Alex Livesey/Getty Images
2012-13 champions Manchester United.
The biggest obstacle in Tottenham being a Premier League title contender in 2013-14 will be the strength of their rivals. As good as Villas-Boas' side might potentially be, others are shaping up well for it to be a most competitive campaign.
One thing on Spurs' side is consistency. They will almost certainly have the same manager as before, so the players will have a clear understanding of what is expected of them.
Sir Alex Ferguson's departure at Manchester United means the newly crowned champions do not have that luxury. All the same, even with David Moyes coming in as manager (and the settling in period that might entail) they will still be a top team full of young players who are only going to get better—Phil Jones, Rafael, Shinji Kagawa, David de Gea etc.
Attempting to reclaim their title will be Man City. The uncertainty over who their manager will be next season will affect their build-up to the season. Rest assured, whoever is in charge will be managing a squad likely to be bolstered by some expensive, big-name signings.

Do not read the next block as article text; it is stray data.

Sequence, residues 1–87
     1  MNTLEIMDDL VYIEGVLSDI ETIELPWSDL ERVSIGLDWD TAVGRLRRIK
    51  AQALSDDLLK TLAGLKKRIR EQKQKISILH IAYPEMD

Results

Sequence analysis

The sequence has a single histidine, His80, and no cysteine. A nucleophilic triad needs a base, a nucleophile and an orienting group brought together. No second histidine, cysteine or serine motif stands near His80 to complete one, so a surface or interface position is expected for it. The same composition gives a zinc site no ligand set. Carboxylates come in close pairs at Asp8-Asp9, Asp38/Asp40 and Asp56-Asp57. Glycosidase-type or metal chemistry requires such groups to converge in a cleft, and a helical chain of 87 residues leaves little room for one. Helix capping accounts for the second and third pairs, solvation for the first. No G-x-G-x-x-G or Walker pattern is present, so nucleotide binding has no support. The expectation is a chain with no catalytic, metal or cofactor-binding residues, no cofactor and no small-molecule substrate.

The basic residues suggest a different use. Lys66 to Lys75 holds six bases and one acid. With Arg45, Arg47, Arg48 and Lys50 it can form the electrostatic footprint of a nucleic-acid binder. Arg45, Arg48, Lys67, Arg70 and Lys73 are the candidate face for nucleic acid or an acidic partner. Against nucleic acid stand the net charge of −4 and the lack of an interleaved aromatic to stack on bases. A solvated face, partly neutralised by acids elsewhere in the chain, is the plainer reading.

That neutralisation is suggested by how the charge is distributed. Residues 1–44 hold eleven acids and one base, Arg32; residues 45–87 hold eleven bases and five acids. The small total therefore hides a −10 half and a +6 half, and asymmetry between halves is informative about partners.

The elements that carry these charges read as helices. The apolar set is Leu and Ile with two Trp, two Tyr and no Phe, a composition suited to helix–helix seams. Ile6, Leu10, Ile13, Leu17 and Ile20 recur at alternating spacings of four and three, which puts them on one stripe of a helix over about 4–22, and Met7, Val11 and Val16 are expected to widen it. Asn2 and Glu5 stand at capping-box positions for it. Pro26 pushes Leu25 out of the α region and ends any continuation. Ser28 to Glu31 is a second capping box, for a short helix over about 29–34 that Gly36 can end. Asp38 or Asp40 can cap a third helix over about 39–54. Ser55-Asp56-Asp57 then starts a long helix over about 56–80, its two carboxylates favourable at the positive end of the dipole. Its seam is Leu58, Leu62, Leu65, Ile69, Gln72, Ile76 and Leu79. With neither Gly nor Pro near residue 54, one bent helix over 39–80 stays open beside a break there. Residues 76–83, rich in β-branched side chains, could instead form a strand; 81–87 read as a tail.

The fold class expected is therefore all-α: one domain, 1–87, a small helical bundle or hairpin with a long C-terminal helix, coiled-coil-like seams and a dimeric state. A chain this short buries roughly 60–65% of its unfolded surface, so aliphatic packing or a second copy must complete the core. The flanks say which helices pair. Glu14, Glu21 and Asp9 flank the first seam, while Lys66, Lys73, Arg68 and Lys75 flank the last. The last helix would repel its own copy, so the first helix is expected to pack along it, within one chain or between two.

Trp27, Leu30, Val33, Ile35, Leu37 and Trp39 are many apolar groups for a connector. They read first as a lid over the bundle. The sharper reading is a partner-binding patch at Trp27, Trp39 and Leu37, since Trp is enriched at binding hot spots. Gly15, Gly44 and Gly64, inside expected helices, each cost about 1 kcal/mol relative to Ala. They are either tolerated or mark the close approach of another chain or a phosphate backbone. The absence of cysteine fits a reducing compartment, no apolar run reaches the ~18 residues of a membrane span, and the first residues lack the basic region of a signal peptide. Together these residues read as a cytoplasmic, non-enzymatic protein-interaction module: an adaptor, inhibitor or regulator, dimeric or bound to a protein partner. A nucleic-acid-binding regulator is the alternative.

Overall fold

Chelsea look in good shape playing-wise. What is primarily needed is clear leadership. Should they get that (perhaps again with Jose Mourinho), they will get the focus needed to make the most of the talent they possess.
Arsenal should expect to be coached by Arsene Wenger. But should they finish outside the top four, the reaction of the Gunners fans and what that might mean for the Frenchman could be interesting. If they do, Wenger and the club have been talking big about their plans to spend on some quality signings.
This is before we even get to Liverpool, Everton or any potential surprise package up the top of the Premier League table.
If Spurs come out on top of this lot, they will have earned it. Just being among the top four again would have to be regarded as an achievement.